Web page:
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TMCNet:  Best's Special Report: Third-Quarter Catastrophes Will Define 2017

[January 11, 2018]

Best's Special Report: Third-Quarter Catastrophes Will Define 2017

Third-quarter 2017 results show that the spate of hurricanes during that timeframe significantly impacted earnings but are unlikely to constitute a capital event for most insurance and reinsurance companies, according to a new A.M. Best special report.

The Best's Special Report, "Third-Quarter Catastrophes Will Define 2017," states that with third-quarter 2017 earnings having been reported, it is possible to start measuring the true impact of hurricanes Harvey, Irma, and Maria (HIM) on insurers and reinsurers. The report lists the companies that have publicly reported net losses of greater than $100 million from all three hurricanes.

Primary insurers, traditional reinsurance, collateralized reinsurance and insurance-linked securities all will be paying a portion of approximately $90 billion in losses. The reinsurers A.M. Best rates remain well-capitalized and reported losses have been well within their risk tolerances, though there could be adverse development. Due to the aggregate losses from three storms combined, the retro-reinsurance market likely will be covering a large portion of the HIM losses.

Although it is still too early to tell which catastrophe bonds will be paying out, those with annual aggregate protection that cover all U.S.-named storms and industry los warranties are the most likely to have been triggered. However, even though investors suffered losses from the third-quarter catastrophes, there was still an influx of additional capital in the fourth quarter, some from multiple catastrophe bond transactions covering U.S.-named storms, indicating that these events have not scared off investors.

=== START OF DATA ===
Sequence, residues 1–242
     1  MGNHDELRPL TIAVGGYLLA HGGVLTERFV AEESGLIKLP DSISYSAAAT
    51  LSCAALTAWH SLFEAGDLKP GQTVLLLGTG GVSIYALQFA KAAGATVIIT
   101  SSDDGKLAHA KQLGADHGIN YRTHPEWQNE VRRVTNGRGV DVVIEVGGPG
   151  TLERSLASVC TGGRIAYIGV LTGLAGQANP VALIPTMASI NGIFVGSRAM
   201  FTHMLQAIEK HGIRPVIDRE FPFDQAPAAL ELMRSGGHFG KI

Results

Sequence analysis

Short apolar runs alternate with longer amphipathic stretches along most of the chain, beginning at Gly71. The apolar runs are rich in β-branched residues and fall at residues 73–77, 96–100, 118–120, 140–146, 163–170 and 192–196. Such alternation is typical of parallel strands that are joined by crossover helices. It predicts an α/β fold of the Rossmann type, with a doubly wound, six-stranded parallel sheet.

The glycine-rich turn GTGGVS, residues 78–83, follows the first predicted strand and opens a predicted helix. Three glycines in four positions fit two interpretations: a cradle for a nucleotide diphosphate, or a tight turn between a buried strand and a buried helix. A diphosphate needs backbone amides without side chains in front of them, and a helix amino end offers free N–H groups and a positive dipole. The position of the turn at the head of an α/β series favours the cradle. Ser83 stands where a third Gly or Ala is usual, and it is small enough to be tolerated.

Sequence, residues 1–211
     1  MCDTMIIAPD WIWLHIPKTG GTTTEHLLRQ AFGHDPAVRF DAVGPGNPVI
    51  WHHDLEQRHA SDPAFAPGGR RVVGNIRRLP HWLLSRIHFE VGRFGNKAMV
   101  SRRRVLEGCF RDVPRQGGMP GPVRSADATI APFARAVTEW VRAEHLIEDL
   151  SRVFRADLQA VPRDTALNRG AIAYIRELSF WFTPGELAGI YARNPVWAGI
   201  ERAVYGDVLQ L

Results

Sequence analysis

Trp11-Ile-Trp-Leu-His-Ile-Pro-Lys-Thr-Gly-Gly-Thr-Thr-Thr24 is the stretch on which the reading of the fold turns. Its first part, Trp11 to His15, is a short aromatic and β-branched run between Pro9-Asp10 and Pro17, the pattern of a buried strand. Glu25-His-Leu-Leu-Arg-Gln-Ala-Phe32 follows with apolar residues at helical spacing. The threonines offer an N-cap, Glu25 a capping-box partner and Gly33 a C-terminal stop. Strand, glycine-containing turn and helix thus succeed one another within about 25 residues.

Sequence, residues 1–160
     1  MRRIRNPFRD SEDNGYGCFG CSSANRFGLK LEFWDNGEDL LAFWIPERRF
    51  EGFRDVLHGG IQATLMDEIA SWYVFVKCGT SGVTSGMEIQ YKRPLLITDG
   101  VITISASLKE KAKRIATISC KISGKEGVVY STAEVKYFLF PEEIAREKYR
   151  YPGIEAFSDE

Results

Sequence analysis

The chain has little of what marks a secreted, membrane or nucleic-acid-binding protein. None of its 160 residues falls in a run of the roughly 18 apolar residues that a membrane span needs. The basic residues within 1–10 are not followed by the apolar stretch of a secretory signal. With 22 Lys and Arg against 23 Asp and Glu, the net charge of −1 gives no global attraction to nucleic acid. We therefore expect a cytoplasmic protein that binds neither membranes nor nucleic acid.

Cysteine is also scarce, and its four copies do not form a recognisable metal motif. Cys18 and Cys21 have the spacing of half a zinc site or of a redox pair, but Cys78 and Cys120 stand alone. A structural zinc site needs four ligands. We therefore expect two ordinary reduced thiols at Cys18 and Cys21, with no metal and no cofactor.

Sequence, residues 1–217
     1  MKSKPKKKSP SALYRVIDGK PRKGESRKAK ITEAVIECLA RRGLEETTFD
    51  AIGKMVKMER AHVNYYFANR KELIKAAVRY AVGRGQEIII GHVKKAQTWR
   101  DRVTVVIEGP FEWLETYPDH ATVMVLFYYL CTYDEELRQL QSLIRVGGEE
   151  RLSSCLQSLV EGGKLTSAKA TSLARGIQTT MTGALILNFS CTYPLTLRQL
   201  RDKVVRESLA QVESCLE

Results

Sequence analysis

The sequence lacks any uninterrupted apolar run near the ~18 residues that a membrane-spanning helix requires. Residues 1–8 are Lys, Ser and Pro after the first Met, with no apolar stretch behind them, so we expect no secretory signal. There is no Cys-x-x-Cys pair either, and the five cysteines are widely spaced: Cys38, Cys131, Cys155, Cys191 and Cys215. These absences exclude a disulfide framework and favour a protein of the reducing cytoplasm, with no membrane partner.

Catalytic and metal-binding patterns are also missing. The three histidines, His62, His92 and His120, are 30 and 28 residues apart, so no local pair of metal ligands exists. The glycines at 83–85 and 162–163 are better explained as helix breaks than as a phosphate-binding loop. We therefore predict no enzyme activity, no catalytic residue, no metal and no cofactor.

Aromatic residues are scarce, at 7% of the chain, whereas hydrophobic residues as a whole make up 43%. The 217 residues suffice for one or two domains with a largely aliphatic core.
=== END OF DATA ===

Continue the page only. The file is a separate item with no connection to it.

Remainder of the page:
Insurers and reinsurers have increased capacity in recent years by using third-party capital, and most of these investors will have to pay out major losses for the first time. Capital has been flowing back into the insurance and reinsurance markets, so A.M. Best does not expect a significant change in investors' appetites for insurance risk over the short term. Although many in the reinsurance and retro-reinsurance markets have been pushing for large rate increases as a result of the catastrophe losses, third-party capital may act as a moderating influence on rate hikes. Property rates in loss-affected areas likely will see the largest increases, but time will tell if the 2017 hurricanes will have a meaningful impact on the entirety of the reinsurance market.

To access the full copy of this special report, which also explores the impact of each of the hurricanes on a stand-alone basis, please visit

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